Is My Password A Good Password?


This is something I have been asked about many times over the years and basically the password is a secure as you make it. We all have our own idiosyncrasies for the way we ‘design’ our passwords, myself included, but how secure do we make them?

The vast majority of people use either the names of their children or pets as a password and dates of birth for PINs and other number based passwords. Quite often these passwords are no longer than about 6-8 letters or numbers but does this help?

The Telegraph has published the top 25 worst passwords (from SplashData) and these are:

1. password

2. 123456

3. 12345678

4. qwerty

5. abc123

6. monkey

7. 1234567

8. letmein

9. trustno1

10. dragon

11. baseball

12. 111111

13. iloveyou

14. master

15. sunshine

16. ashley

17. bailey

18. passw0rd

19. shadow

20. 123123

21. 654321

22. superman

23. qazwsx

24. michael

25. football

It may help you as it is easy to remember but it also helps the hackers of this world as it will be easy to get your password and access your computer. If you use names and dates of birth as passwords, anyone who wanted to hack into your PC would try these as a first port of call as they are the easiest way to try. Therefore, the best thing to do is mix up your password by using upper-case letters randomly placed throughout the word, add in some numbers and maybe even a symbol or two.

For example, let’s say I decide to use a pet name like Rover. This would be easy to remember and quick to type in but it is something that someone could find out about me. Therefore, what I should be looking at is making it something like rOveR-07. This introduces mixed case in the word, a symbol “-“ and numbers (these representing the year he arrived). This would be harder to crack than just the one word name and I would suggest that you all look at your passwords to see that they are like this.

Some of you will remember the debacle in October 2007 when HM Revenue & Customs lost the records of 25 million child benefit recipients. This caused untold panic as a lot of people had used their children’s names as passwords and we were then telling them all to change passwords quickly to prevent any possible attack on their accounts etc.

The vast majority of us also use Windows as a computer operating system which is probably one of the ‘friendliest’ systems around. It offers to remember your password for any website you want to visit where you have to log in. This is done by windows holding it in two blocks of seven so my password rOveR-07 would be held on Windows as rOveR-0 : 7 in its memory blocks. Now this is really useful as it means I do not have to remember the password and, if I forget it, the website will either reset it for me or give me a hint as to what it is.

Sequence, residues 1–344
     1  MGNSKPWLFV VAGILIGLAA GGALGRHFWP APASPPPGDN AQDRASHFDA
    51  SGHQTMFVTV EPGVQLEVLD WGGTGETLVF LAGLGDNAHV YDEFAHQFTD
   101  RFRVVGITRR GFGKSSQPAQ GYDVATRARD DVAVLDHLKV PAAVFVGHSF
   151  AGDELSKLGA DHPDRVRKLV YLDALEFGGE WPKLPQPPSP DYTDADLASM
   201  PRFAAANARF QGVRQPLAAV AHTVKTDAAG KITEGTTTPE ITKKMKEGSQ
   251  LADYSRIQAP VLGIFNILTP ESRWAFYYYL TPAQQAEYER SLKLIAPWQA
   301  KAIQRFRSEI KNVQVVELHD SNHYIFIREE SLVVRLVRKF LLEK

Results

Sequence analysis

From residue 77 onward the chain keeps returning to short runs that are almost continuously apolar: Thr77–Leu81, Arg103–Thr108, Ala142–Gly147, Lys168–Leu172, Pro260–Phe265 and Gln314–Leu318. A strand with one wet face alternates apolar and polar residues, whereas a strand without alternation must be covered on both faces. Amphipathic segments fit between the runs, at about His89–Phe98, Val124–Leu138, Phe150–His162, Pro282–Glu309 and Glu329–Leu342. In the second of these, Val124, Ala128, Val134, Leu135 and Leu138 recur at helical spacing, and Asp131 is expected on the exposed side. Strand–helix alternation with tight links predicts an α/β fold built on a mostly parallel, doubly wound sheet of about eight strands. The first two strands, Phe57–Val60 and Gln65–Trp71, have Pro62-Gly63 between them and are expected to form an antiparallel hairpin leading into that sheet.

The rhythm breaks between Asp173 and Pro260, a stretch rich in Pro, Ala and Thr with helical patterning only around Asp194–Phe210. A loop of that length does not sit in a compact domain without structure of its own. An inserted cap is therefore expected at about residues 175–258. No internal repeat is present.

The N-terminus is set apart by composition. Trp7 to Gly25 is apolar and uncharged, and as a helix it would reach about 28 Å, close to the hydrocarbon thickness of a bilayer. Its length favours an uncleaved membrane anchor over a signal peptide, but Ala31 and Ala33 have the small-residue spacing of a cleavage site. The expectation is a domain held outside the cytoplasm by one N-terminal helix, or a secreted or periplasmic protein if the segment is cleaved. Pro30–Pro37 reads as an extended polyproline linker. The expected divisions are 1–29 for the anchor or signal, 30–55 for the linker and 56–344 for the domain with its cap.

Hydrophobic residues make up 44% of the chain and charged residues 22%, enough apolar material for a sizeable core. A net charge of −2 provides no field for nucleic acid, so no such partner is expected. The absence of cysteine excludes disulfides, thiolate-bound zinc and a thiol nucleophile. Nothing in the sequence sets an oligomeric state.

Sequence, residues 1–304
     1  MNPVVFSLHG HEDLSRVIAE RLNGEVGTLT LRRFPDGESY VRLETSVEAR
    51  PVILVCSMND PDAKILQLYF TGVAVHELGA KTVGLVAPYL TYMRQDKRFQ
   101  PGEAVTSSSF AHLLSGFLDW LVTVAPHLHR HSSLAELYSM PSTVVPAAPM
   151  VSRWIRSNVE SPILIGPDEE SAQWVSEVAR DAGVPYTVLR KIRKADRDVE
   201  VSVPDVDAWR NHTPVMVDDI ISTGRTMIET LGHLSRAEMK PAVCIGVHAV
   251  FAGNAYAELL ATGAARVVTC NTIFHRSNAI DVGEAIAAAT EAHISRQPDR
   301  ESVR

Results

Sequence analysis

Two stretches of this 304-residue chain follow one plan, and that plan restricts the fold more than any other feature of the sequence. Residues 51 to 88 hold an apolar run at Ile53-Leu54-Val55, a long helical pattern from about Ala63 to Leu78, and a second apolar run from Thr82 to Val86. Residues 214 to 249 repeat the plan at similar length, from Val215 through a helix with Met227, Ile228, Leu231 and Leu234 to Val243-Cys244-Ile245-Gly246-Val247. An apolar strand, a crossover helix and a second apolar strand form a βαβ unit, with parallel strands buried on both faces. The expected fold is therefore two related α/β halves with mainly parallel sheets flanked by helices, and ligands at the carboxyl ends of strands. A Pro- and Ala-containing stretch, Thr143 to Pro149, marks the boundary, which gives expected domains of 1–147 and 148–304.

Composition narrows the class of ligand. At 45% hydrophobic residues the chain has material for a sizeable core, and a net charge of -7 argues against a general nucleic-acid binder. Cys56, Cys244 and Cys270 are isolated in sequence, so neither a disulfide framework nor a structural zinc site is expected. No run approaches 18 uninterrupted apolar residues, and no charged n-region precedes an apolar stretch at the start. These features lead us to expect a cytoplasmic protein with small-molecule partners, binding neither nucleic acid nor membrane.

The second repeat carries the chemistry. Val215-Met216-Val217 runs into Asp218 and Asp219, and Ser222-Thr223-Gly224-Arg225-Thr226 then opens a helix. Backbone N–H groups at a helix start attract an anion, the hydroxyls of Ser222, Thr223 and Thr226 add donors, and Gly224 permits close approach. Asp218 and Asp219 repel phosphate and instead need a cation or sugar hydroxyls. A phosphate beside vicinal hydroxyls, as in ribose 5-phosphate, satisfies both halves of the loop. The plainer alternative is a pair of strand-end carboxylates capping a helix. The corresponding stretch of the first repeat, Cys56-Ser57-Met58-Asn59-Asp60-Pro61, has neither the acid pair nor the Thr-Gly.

The only problem is that there is software available that can be run on your computer and within 30 minutes will give me all your account details and their passwords. Therefore, the only really secure password is one that is mixed case, symbol and number and over 14 characters in length. Why? Simple, if it is over 14 characters, Windows cannot remember it so nobody can get hold of it. I would suggest that if you are storing sensitive information you use this type of password as you can never be too safe. Facebook is reporting that there are over 600,000 attempts per day to hack into accounts so this really brings it into perspective!

Some top industry tips for passwords:

– Vary different types of characters in your passwords; include numbers, letters and special characters when possible.

– Choose passwords of eight characters or more. Separate short words with spaces or underscores.

– Don’t use the same password and username combination for multiple websites. Use an online password manager to keep track of your different accounts

If you have any concerns that you or your company may not have safe passwords or just want more information, please feel free to contact KPG Professional Services on data@kpgps.co.uk or by calling 07413 943228 for help and guidance.

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About KPG Professional Services

Kevin has been working in the Data Protection field for over 20 years with The Post Office, Royal Mail Marketing, The Royal Bank of Scotland and Glasgow Housing Association Ltd. He is also trained in the Freedom of Information (Scotland) Act 2002 and has supplied expertise and support in this discipline for the past 4 years. In his leisure time Kevin is a presenter on Hospital Radio, an SRU rugby referee and referee coach and also the stadium announcer at McDiarmid Park for his team St Johnstone in the Scottish Premier League.
This entry was posted in Blagging, Cookies, Data Protection, Fixing Facebook, Information Security, Password, Uncategorized. Bookmark the permalink.

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